LONDON (Reuters) - “I hope I die before I get old,” The Who sang in their 1965 hit “My Generation”.
Roger Daltrey and Pete Townshend of British band The Who pose for a picture at Wembley Stadium in London, Britain March 13, 2019. Picture taken March 13, 2019. REUTERS/Dylan Martinez
But more than 50 years on, the veteran rock band’s two surviving original members are set for a new tour named “Moving On!” and the release of their first album of new music in 13 years.
Singer Roger Daltrey and guitarist/songwriter Pete Townshend, now in their 70s, will take the stage in May as part of The Who’s current six-member lineup and backed by an orchestra to play venues in the United States and Canada as well as London’s Wembley Stadium in July.
After tours of past hits, namely the hugely influential rock operas “Tommy” and “Quadrophenia”, Daltrey, who performed with an orchestra last year, said it was time to do something “that reflects where we are in our lives at the moment”.
“We’re old men now...we can’t go out there and pretend it’s going to be anywhere like we were 40, 50 years ago,” he told Reuters in an interview at Wembley.
“Adding the orchestra...can elevate the music into a place where it feels kind of grown up...(but) people mustn’t think just because there’s an orchestra with The Who that it’s going to be watered down. We’ll be playing exactly full throttle like we usually do.”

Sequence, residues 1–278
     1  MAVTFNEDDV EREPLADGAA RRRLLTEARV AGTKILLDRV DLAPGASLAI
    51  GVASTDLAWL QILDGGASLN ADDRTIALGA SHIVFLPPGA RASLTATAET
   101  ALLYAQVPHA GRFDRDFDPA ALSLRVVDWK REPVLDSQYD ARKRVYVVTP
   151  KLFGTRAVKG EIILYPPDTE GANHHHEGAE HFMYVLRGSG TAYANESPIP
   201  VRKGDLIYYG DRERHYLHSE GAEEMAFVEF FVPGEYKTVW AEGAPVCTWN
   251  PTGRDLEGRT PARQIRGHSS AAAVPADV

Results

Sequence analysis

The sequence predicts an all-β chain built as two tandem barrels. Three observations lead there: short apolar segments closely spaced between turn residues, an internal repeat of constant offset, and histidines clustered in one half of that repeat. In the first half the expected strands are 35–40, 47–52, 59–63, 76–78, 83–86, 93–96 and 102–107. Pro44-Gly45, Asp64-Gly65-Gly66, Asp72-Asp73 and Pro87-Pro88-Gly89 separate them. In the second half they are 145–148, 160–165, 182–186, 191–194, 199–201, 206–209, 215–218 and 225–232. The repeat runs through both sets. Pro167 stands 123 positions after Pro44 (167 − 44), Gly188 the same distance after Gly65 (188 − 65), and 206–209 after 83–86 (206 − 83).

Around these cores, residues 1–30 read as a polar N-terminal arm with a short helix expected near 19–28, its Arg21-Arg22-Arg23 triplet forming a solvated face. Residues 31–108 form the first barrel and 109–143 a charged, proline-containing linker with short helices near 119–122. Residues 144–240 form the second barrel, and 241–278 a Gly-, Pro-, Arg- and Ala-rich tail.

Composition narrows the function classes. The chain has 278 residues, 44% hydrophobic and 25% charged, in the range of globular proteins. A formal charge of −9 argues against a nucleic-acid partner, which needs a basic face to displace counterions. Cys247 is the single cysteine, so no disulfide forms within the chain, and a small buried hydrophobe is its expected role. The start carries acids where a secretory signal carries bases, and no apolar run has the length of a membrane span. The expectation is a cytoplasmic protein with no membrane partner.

Emerging in 1960s London, The Who, which included the late drummer Keith Moon and bass player John Entwistle, have sold more than 100 million records worldwide, with hits like “Won’t Get Fooled Again” and “I Can See For Miles”.
“We could never have imagined it (the group’s ongoing success,” Daltrey said.
“I was coming to (Wembley) stadium today and taking the same journey I used to take every night in the group van...All the memories come back.”
Townshend, the band’s principal songwriter and famed for thrashing his guitar on stage, said he felt “grateful” they could still perform.
“Roger and I are very lucky to be alive,” he said. “We’re lucky to be reasonably healthy. We’re lucky that we can still play the music that we grew up with.”
The Who this year are also planning to release their first album of new music since 2006’s “Endless Wire”.
“We went through so many different phases so now really the challenge is just writing music which is good music which suits Roger and I,” Townshend said.
“I’m a real, real hard taskmaster when it comes to what I sing and whether, whether it’s a good song or not. And I’ll tell you he’s still got it,” Daltrey said.
The singer has said “Moving On!” is not a farewell tour, but acknowledged the duo’s advancing years.
“One of them’s gonna be (a farewell tour), we might not make the end of this one,” he joked. “Every time you hit the stage there’s a possibility of game over at our age.”
Reporting by Marie-Louise Gumuchian; editing by Jason Neely